October 26, 2021 — New York
This piece originally appeared in USA Today.
In May, as Hamas rockets exploded in Israeli cities and Israeli aircraft targeted terrorist infrastructure in Gaza, thousands of miles away, American Jews were under attack.
A young man wearing a kippah in Midtown Manhattan was beaten by a mob shouting antisemitic slogans. Minutes later and just a few blocks away, a 55-year-old Jewish woman was burned when a group of men exploded fireworks.
Jewish diners at a Los Angeles restaurant were assaulted by men from a pro-Palestinian caravan. A Jewish family in Bal Harbour, Florida, was attacked by men who pelted them with garbage, shouting “free Palestine” and “die Jew." They also threatened to rape the wife and daughter.
A large majority of American Jews say they heard about the attacks in the United States and elsewhere, and most said they made them feel less safe as Jews in America.
But while American Jews were taking steps to conceal their Jewishness for fear of attack, most Americans of other faiths said they heard little or nothing about the attacks – or about the sense of insecurity they engendered among their Jewish neighbors.
These are a few of the disturbing findings of the American Jewish Committee’s 2021 State of Antisemitism in America report, released Monday – just before the third anniversary of the Pittsburgh synagogue attack.
The overall picture that emerges from the report, which is based on the largest-ever surveys of American Jews and the U.S. general public on antisemitism in America, is grim.
One in four American Jews has been targeted by antisemitism over the past year, including 17% who were subjected to antisemitic remarks in person and 12% who experienced antisemitism online or on social media.
One in four also said their Jewish institutions have been the targets of antisemitism over the past five years. A stunning 4 out of every 10 American Jews have changed their behavior for fear of antisemitism, with 22% saying that they have refrained from wearing or displaying items that might reveal their Jewishness.
Awareness of antisemitism grows
Americans of other backgrounds have noticed some antisemitism, too. Four in 10 Americans say they have witnessed an antisemitic incident over the past year, and 3 in 10 say they’ve seen more than one. But while 90% of American Jews believe antisemitism is a problem in the United States and 82% say it is increasing, those numbers drop to 60% and 44% among the general public.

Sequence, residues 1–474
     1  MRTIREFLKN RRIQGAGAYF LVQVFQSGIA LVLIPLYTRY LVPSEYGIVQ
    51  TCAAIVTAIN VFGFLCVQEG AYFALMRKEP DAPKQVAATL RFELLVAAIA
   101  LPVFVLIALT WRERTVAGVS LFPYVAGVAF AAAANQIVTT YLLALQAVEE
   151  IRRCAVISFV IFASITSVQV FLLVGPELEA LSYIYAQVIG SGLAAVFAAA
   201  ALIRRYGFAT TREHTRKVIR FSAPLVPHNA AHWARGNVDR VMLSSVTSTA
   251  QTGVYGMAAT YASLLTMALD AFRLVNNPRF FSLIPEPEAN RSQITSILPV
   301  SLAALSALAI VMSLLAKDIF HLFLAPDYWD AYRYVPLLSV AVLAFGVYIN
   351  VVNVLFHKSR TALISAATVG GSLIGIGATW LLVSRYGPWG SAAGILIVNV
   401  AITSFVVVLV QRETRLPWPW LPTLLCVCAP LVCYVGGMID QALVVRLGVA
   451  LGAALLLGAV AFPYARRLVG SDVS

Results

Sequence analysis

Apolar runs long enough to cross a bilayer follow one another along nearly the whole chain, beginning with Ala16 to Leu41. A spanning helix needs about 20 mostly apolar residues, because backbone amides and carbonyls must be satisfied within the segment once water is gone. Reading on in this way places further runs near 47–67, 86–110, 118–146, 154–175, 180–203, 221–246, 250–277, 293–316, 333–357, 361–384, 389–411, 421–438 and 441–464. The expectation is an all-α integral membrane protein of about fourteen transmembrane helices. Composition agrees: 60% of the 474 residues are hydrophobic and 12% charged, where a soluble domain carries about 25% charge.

There are some encouraging signs: 65% of Americans say they know what the word “antisemitism” means, compared with only 53% who said so a year ago; 85% of the U.S. public now say the anti-Zionist statement “Israel has no right to exist” is antisemitic, a jump from the 74% who said so last year.
Respondents who know Jews personally were far more likely to view antisemitism as a problem, suggesting that efforts to familiarize Americans with their Jewish neighbors may be part of the solution.
But the events of this past spring may well come to represent a watershed moment in how Americans – both Jewish and non-Jewish –perceive antisemitism.
Large majorities of American Jews continue to view the far right and extremism in the name of Islam as representing serious antisemitic threats, at roughly the same levels as they did last year. But though only 61% said the far left was a threat to American Jews a year ago, that number jumped to 71% this year.
That shift, along with the fears that arose from the antisemitic attacks in May and the American public’s growing realization that anti-Zionism is antisemitic, should change the way we think about antisemitism.
The deadly attack at the Tree of Life synagogue in Pittsburgh three years ago was perpetrated by a right-wing extremist, as were other recent attacks, including the shooting at the Chabad synagogue in Poway, California, six months later. Far-right antisemitism remains a grave threat today.
But to focus on it to the exclusion of other forms and sources of antisemitism is to ignore what American Jews are telling us – and what recent events clearly reveal.
Hatred festers on political extremes
Hatred of Jews has long been the point at which the extremes of the political spectrum meet. It is what populist movements on both the right and the left have had in common from the 19th century until today.
The time has come for Americans of all backgrounds and persuasions to realize that antisemitism is multifaceted and multiform, and that no group or community is immune to it. Our leaders must denounce antisemitism even – especially – when it manifests in their own political camps.
Only after antisemitism is tackled resolutely, no matter its form and source, can we have any hope of eradicating it.
Avi Mayer is managing director of public affairs at the American Jewish Committee.
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